Word Count: I honestly didn’t bother with this lol.
Characters: (Greed!)Ling/Ed (yes, Greed 2.0 makes appearances).
Summary: They balance one another – yin and yang – they say nothing when they say everything; they say everything when they say nothing at all.
Warnings: language, some naughtiness.
Notes: I think I have done these things for nearly every fandom I am active in. >.>; This is one of those fifty sentence things—this time, it’s fifty sentences about Ling and Ed. XD Credit goes to 1sentenceorder for the themeset used (I used Delta for this one).
“Do you know that when you breathe, you’re inhaling about fifteen different gasses?” Ed asks excitedly, frowning intensely when that stupid (incredible) squinty-eyed bastard calls him a nerd and leans over to kiss him, which causes Ed to forget all about the importance of those fifteen different gasses—just for a moment or two (or three).
“Greed doesn’t like apples,” Ling informs Ed as the blonde throws him one that is red and shiny and looks positively delicious; he then proceeds to share a wicked little grin with his companion and eats the offered fruit anyway, much to the displeasure of the homunculus sharing his body.
Ed’s not sure how it all began between them, except only he is: it all started with those slanted eyes and that dopey grin and those long arms wrapped securely around his waist, and Ed hasn’t looked back since then—hasn’t wanted to.
Ling does not consider himself a coward by any means (he’s clashed swords with the Fuhrer of Amestris, for crying out loud), though he does feel a bit deflated when Ed squashes a strange-looking beetle for him when he refuses to do so, insisting that he had servants back in Xing who happily took care of that particular problem all the time.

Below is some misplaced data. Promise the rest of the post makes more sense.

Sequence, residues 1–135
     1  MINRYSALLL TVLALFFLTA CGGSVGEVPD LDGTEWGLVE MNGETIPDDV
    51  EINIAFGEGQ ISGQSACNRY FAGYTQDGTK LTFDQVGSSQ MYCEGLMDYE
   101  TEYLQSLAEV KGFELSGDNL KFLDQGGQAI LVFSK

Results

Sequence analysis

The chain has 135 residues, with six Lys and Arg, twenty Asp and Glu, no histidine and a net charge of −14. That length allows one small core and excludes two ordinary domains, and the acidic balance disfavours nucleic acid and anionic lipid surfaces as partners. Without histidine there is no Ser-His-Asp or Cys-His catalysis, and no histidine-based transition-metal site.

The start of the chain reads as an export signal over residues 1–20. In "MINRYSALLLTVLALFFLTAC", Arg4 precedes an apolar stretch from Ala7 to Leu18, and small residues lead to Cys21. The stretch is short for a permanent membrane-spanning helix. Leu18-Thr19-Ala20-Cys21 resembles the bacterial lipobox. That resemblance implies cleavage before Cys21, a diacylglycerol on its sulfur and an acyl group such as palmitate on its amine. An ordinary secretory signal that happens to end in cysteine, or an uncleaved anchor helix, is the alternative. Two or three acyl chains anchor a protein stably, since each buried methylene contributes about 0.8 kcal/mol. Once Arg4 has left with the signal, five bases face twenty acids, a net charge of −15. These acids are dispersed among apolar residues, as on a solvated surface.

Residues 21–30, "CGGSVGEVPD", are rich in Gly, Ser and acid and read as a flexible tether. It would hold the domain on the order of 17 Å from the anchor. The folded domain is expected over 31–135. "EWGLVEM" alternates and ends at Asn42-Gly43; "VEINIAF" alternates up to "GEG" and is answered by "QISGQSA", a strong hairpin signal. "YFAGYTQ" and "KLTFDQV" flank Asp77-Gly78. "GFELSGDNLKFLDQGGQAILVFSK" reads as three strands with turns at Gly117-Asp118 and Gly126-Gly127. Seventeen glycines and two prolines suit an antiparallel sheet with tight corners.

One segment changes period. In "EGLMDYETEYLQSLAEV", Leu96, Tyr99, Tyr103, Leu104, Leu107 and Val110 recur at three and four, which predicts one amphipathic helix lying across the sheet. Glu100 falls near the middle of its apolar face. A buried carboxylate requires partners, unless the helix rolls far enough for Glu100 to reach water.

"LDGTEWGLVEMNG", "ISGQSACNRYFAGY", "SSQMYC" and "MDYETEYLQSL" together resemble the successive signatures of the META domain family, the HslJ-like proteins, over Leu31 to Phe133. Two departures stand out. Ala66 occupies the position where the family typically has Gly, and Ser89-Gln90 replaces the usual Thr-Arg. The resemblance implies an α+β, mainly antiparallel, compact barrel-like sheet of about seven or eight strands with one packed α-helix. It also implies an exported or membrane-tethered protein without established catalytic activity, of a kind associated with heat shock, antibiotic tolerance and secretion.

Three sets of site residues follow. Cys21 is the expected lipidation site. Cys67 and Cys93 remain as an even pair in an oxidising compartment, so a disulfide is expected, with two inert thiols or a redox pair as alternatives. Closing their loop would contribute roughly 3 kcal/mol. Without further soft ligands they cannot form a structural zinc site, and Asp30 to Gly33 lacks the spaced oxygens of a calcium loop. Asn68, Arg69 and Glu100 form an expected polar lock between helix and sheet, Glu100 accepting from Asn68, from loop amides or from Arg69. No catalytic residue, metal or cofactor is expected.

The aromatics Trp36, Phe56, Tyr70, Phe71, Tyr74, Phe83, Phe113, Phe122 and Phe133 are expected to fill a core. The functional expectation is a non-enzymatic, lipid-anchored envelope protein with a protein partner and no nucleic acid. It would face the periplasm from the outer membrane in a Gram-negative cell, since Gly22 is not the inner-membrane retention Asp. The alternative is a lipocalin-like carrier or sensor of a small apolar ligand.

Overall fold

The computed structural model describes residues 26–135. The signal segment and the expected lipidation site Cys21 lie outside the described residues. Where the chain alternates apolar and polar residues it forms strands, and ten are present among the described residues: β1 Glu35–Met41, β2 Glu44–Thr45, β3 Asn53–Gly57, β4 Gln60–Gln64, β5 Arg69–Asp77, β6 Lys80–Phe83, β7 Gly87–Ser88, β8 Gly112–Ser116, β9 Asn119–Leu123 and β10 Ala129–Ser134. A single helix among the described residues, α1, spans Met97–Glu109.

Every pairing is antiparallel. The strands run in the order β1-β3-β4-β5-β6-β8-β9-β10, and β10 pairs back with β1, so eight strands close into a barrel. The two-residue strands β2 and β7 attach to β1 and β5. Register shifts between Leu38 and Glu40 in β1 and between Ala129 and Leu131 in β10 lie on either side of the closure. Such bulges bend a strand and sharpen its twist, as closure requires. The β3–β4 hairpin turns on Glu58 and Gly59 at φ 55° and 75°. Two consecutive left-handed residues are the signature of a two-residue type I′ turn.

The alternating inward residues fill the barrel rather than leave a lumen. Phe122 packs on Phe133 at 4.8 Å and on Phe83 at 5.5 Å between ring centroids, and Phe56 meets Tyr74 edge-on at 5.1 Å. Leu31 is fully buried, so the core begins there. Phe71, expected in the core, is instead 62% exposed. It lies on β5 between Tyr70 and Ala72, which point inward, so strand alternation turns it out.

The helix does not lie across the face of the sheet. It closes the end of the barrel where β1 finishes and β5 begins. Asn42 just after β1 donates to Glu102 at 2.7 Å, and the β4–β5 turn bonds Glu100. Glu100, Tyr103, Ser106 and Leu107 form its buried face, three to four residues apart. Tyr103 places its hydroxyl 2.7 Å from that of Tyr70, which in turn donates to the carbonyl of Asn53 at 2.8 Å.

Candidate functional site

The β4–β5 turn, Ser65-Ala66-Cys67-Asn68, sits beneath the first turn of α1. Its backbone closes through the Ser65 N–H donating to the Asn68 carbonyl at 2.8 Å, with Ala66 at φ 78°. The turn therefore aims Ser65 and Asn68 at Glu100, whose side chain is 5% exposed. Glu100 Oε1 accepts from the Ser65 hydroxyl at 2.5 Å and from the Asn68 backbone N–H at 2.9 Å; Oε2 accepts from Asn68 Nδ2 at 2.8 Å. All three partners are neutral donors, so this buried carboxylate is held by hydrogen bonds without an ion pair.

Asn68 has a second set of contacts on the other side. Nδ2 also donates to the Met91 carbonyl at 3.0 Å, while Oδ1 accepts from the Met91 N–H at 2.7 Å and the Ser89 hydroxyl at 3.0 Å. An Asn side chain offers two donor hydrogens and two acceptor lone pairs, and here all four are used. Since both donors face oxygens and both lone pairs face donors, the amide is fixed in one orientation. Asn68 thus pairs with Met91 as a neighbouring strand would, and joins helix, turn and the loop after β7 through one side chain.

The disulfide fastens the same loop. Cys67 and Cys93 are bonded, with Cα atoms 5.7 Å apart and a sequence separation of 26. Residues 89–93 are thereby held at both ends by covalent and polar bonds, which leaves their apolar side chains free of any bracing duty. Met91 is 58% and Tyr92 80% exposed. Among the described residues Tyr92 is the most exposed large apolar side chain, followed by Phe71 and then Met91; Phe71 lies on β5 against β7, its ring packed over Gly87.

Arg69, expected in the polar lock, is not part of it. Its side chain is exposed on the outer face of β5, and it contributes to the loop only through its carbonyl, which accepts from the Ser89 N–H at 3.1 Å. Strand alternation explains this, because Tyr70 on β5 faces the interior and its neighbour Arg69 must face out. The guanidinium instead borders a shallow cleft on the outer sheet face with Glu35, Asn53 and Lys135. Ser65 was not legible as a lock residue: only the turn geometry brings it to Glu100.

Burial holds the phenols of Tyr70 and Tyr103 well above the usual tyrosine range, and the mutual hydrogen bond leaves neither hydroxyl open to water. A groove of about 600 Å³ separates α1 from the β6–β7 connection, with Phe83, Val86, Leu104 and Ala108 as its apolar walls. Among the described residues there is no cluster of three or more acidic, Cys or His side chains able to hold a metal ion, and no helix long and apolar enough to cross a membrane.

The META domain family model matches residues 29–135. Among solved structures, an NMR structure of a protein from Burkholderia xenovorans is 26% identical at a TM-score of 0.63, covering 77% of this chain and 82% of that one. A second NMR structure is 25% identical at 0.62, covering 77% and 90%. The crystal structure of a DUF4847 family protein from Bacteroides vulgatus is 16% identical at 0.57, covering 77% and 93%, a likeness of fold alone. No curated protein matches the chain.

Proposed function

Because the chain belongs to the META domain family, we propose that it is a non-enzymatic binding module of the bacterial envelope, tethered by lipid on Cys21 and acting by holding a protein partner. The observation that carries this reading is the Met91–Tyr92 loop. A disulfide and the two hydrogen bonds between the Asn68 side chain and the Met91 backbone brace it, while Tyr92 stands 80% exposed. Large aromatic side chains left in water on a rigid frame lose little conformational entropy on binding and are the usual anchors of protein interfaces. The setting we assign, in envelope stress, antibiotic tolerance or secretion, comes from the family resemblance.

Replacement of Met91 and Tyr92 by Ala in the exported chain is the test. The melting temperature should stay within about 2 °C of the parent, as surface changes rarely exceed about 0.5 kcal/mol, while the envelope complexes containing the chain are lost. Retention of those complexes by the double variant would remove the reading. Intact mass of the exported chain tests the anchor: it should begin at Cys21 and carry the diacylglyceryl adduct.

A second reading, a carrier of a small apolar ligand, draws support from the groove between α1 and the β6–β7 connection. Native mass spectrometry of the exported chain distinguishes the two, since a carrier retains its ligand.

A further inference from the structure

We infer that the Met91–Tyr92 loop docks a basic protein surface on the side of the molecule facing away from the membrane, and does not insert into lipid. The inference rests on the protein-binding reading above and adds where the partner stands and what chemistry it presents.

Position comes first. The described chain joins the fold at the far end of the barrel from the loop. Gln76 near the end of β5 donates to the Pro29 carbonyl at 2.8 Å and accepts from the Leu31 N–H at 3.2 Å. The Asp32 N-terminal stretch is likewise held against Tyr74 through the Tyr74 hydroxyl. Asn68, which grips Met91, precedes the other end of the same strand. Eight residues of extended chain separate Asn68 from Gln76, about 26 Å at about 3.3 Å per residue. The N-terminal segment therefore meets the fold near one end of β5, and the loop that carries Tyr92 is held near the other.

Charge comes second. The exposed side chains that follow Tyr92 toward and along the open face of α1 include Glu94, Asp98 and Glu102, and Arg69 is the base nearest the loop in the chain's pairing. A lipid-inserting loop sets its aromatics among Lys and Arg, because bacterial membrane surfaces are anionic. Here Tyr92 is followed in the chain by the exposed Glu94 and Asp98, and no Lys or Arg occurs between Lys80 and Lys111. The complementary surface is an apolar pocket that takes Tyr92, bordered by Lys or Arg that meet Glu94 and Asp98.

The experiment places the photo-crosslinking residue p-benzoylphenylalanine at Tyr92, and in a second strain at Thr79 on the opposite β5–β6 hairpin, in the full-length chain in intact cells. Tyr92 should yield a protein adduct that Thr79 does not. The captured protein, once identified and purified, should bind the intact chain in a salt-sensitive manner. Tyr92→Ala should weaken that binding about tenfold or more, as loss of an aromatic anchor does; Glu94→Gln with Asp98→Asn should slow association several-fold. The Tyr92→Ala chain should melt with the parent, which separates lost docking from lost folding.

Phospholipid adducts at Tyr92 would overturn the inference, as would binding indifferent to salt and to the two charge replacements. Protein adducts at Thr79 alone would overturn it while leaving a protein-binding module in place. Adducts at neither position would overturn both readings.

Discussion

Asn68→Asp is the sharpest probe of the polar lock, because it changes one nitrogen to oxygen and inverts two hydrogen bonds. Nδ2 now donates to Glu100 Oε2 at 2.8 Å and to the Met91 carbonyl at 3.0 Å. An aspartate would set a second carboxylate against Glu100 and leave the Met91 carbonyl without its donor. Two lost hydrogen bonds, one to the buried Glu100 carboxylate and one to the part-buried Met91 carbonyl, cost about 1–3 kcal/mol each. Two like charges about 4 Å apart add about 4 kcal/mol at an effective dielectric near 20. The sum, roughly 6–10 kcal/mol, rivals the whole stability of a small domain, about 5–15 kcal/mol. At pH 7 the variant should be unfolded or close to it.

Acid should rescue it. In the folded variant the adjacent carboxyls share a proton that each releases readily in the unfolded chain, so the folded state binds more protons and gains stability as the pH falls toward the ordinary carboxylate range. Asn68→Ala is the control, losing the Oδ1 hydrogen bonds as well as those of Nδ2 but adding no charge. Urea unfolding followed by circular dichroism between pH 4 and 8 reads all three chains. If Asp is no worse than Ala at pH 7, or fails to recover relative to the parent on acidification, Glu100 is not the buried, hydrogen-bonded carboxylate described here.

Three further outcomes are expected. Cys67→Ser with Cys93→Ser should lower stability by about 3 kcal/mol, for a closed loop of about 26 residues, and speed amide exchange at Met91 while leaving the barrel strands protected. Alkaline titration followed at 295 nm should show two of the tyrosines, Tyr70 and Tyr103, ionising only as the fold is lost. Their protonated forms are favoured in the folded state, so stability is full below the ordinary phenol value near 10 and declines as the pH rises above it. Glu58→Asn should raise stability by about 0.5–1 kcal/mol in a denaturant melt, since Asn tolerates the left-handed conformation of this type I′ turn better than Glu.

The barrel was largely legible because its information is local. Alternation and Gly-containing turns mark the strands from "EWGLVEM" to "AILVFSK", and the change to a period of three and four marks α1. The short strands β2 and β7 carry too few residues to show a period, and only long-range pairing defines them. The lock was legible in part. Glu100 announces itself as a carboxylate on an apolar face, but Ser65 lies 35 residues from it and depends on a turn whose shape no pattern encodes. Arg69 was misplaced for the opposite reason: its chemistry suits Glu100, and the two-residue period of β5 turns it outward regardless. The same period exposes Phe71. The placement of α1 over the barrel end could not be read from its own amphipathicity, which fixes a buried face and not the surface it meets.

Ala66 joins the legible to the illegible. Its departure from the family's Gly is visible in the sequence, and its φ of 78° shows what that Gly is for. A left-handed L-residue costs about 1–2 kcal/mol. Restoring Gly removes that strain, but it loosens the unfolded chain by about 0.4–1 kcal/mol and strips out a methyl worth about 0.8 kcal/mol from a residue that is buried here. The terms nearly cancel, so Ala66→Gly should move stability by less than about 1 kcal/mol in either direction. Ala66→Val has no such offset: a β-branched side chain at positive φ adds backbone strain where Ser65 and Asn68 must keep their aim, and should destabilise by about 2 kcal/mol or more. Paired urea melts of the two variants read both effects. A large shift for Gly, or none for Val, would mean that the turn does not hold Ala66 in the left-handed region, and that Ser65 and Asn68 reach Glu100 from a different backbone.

Their opinions differ on coffee: Ed needs it to function and Ling doesn’t care for it; so when Ed stumbles out of his tent all bleary-eyed to find that Ling has already brewed a pot of coffee and is offering a cup to him with a soft smile, Ed is a little surprised, and more than a little grateful.
Ling sometimes probes the darker corners of his mind (it’s Greed’s influence, he thinks) and he doesn’t often like what he finds there: when he gets lost in the darkness, Ed’s sharp tongue and gentle hands always find a way to bring him back to the light.
Ed knows quite well at this point what despair feels like, and he admits to himself that he feels little pangs of it in those moments when he glances at Ling and realize that it isn’t Ling at all.
Ed speaks of ‘doors’ and ‘gates’ and ‘the Truth’ from time to time, and Ling can’t pretend that he understands it all, but there’s an aura of palpable grief that radiates around the young alchemist when he mentions these topics, and all Ling wants to do during these moments is pull Ed close and tell him that, for him (if it were possible), Ling would leave all doors open.
It is Greed who drinks Ed under the table, but it is Ling who comes to him in the morning with a tall glass of water for the dehydration, a small cup of coffee for the necessary caffeine, and an aspirin for the fucking splitting headache.
Ling loves spending time with Ed not only because it’s amazingly easy and strangely exciting to push Ed’s buttons, but also – mostly – because when Ed does things for him, Ling knows it has absolutely nothing to do with ‘duty’.
Sometimes, Ed feels like their world spins a little too fast (too much is happening, too much has already happened), but in moments like this (when he and Ling are wrapped up in one another and everything is temporarily – but blissfully – silent), time slows down just long enough for him to remember to breathe and to have no regrets.
Ling knows that this thing between Ed and himself won’t – can’t – last forever—it’s going to end sometime, because he cannot remain here and he knows better than to ask Ed to join him in Xing, but when Ed’s fingers twine with his own, he likes to try to fool himself into thinking that this can become as permanent as the mountains of his home country.